With the April 5 deadline for pre-kindergarten applications fast approaching, parents across the city who are taking on the process can sometimes find it difficult to navigate.

The city’s Department of Education (DOE) is urging parents with children who are turning 4 in 2012 to consider pre-K. The department says that pre-K is important for building the foundation of a child’s future success.

Pre-K programs are available at public elementary schools and community-based organizations, which have separate application processes.

“Over the course of the school year, your child will develop basic literacy and math skills. He or she also will learn how to share, take turns, work in groups, think creatively and solve problems,” the department said.

Known as universal pre-kindergarten programs, the city offers half-day programs, which are two and a half hours, and full-day programs, which are six and a half hours. Public school and community-based organization programs are listed in the DOE’s annual pre-K directory.

The directory lists school names, locations and indicates whether it is a half-day or full-day program, along with the number of slots available in each program.

Parents can apply for pre-K online at www.nyc.gov/schools/prek or can enroll in person at a local enrollment office.

While making a decision on a school, the DOE encourages families to visit programs and find a school near them by using the website.

“We recommend that you call schools of interest to schedule time for a visit. You can find school contact information in this directory. It’s important to visit schools so that you can determine travel time from your home,” the DOE said. “There is no transportation provided by the Department of Education for pre-kindergarten students.”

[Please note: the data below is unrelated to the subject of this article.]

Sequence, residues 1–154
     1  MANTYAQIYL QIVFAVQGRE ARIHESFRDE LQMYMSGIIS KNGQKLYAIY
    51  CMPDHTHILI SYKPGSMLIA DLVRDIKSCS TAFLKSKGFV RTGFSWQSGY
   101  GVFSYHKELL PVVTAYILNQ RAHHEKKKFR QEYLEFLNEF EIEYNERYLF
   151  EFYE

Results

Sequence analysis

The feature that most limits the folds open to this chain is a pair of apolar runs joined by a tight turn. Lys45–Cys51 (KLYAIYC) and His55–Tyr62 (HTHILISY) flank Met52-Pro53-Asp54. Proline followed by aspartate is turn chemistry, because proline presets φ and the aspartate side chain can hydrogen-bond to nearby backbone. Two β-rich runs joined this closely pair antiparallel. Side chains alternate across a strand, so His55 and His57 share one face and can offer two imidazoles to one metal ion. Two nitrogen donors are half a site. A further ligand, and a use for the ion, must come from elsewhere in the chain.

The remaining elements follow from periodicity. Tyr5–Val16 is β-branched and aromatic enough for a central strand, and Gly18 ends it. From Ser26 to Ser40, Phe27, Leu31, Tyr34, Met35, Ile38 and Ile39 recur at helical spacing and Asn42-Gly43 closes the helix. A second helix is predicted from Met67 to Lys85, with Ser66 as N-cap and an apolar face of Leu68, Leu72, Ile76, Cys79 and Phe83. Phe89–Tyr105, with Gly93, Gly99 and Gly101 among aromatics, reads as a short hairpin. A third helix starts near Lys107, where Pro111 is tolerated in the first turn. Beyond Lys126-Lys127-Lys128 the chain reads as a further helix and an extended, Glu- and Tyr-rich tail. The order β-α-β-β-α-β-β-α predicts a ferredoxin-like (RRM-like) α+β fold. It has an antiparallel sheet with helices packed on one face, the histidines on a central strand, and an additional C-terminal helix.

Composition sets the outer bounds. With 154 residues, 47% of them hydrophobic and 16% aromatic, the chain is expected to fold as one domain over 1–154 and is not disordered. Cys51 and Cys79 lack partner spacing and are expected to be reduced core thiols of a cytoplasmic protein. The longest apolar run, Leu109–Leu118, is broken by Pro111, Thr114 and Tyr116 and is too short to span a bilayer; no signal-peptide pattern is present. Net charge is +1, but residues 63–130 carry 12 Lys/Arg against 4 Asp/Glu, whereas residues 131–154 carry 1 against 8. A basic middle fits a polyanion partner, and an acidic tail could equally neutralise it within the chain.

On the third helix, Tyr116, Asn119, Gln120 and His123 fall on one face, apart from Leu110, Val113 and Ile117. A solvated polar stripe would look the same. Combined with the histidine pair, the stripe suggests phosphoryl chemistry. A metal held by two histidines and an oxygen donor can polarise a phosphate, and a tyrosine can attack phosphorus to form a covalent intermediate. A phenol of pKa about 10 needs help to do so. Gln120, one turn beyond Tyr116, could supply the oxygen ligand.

Students are admitted to city public schools’ pre-K programs based on admission priorities that include location and verified siblings already at the school. Community-based organizations’ programs priorities vary and are typically on a first-come, first-served basis.

Pre-K placement is not guaranteed. If there are more students applying than there are available seats within a priority group, there will be a random assignment process for the available seats. Placement in a pre-kindergarten program in a school does not provide priority for a kindergarten placement in that school for the following school year.

The application deadline for public schools is April 5, while community-based organizations have rolling deadlines.